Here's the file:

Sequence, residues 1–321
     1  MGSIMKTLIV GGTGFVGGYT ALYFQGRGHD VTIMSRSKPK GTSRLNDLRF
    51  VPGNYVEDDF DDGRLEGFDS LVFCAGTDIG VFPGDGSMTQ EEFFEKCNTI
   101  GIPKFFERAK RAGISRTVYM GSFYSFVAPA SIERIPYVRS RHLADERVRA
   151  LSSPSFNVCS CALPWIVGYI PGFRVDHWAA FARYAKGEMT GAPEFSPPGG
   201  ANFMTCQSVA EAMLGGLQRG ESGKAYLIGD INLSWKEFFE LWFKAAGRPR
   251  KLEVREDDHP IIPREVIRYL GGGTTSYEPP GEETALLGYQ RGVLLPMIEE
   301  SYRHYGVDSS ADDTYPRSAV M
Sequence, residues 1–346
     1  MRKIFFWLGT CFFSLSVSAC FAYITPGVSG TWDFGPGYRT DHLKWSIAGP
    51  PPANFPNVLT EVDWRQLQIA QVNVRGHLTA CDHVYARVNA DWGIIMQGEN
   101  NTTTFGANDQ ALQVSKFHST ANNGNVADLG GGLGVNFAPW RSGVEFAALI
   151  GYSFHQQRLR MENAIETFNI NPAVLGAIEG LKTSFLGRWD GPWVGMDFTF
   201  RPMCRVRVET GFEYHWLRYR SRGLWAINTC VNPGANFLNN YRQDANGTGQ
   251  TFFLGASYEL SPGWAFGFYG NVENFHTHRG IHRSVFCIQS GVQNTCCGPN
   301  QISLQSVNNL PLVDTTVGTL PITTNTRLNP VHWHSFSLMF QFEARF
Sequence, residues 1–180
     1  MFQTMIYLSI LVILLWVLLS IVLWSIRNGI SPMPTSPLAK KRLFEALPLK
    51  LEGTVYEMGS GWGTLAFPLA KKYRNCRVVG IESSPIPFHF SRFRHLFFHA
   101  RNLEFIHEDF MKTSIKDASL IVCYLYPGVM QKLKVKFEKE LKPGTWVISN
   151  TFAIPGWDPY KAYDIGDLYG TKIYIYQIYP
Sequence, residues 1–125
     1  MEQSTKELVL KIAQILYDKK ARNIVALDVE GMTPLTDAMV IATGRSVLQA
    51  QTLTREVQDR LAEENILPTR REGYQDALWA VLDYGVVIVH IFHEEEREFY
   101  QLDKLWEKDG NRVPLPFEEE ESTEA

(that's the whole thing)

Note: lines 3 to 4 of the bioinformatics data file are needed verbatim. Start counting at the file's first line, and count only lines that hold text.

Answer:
    51  VPGNYVEDDF DDGRLEGFDS LVFCAGTDIG VFPGDGSMTQ EEFFEKCNTI
   101  GIPKFFERAK RAGISRTVYM GSFYSFVAPA SIERIPYVRS RHLADERVRA